NATIONAL CHOCOLATE MILKSHAKE DAY
National Chocolate Milkshake Day on September 12th brings chocolate and ice cream lovers together. Forget the calories for just this one day and enjoy a sweet tall, thick and delicious, chocolate milkshake!
The term milkshake first appeared in print in 1885. During this period, milkshake referred to an alcoholic beverage described as a “sturdy, healthful eggnog type of drink” blended with eggs, whiskey, and other ingredients. Pharmacies served the drink as a tonic and a treat to customers. By 1900, pharmacies offered this “wholesome drink” with either chocolate, strawberry or vanilla syrup.
- The early 1900s – People began asking for this “new treat” with a scoop of ice cream.
- 1911 – Hamilton Beach’s drink mixers began to be used at soda fountains.
- 1922 – Steven Poplawski invented the electric blender or drink mixer.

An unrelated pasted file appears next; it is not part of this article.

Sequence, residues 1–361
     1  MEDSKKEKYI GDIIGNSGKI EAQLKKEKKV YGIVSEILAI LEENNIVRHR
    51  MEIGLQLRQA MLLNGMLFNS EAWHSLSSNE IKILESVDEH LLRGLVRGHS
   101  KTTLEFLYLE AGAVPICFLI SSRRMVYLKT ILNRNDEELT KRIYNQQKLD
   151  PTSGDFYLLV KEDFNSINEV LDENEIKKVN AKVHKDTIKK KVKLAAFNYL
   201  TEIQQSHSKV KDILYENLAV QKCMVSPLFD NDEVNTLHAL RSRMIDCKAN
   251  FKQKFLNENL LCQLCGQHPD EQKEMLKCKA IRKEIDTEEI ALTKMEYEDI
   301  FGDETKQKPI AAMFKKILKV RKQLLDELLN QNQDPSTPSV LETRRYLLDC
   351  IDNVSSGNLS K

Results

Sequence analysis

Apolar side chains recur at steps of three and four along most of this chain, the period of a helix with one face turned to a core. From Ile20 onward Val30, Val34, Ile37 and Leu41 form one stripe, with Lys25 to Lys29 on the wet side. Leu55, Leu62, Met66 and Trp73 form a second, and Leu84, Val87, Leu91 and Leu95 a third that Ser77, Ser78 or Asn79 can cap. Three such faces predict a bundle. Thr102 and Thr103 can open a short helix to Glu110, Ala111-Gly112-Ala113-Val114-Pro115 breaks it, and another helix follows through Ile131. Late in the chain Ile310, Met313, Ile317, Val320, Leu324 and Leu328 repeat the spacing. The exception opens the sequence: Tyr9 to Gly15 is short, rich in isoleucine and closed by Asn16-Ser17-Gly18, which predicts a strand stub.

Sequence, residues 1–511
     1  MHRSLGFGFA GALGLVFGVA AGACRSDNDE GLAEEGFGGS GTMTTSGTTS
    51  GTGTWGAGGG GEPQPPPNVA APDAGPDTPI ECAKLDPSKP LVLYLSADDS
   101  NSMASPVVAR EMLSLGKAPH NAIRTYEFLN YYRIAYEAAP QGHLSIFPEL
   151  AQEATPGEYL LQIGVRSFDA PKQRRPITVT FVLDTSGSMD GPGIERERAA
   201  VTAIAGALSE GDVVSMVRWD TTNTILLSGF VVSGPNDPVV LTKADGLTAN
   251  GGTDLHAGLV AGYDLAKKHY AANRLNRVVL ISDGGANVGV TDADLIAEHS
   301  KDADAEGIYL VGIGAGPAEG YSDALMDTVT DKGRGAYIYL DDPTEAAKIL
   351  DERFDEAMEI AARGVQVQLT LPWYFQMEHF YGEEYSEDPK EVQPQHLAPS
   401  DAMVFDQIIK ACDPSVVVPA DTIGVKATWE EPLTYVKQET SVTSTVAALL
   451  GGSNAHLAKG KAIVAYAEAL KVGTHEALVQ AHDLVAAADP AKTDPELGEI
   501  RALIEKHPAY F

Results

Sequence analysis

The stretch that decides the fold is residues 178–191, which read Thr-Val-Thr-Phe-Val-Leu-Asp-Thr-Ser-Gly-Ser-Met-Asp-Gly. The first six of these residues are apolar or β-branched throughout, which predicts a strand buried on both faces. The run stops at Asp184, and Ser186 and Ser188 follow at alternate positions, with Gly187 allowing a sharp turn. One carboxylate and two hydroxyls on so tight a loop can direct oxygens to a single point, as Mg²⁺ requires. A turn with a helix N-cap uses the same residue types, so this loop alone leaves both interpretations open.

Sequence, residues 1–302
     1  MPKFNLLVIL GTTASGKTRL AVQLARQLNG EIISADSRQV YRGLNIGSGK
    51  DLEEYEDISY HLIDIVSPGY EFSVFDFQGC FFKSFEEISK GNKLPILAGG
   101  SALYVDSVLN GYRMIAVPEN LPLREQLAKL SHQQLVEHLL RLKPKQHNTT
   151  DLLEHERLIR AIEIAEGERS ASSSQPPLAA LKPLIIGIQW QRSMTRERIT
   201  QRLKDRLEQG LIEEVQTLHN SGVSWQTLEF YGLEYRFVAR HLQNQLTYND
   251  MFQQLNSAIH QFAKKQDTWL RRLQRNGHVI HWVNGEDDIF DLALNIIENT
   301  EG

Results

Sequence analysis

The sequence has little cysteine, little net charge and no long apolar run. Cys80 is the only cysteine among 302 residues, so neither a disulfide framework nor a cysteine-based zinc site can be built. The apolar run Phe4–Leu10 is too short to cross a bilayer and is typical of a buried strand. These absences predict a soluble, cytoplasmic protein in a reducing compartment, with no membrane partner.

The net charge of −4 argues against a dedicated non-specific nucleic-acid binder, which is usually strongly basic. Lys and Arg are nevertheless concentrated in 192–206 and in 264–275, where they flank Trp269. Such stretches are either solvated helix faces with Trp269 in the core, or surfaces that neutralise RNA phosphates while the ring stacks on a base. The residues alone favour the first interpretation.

- Due to the invention of the blender, the milkshake began to take a chipped, aerated, and frothy form as they are today.
- By the 1920s & 1930s, milkshakes became a popular drink at malt shops everywhere.
Another addition to the milkshake was malted milk powder. Made from malted barley, wheat flour, and dehydrated whole milk, malted milk tastes a bit like toasted caramel. It made its debut around the 1870s as a shelf-stable dry milk product. Add the powder to a chocolate milkshake, and the creamy goodness is transformed into a malted chocolate milkshake. Along with milkshakes, malted milk milkshakes became popular drinks at soda fountains around the 1920s.
HOW TO OBSERVE #ChocolateMilkshakeDay
Enjoy a chocolate milkshake at your favorite restaurant or soda fountain. Or try a malted version, especially if you’ve never had a malted chocolate milkshake. It’s definitely worth a try. You may want to top off your chocolate milkshake with a dollop of whipped cream! Use #ChocolateMilkshakeDay to post on social media.
NATIONAL CHOCOLATE MILKSHAKE DAY HISTORY
We were unable to find the creator of National Chocolate Milkshake Day. However, that never stops us from celebrating!
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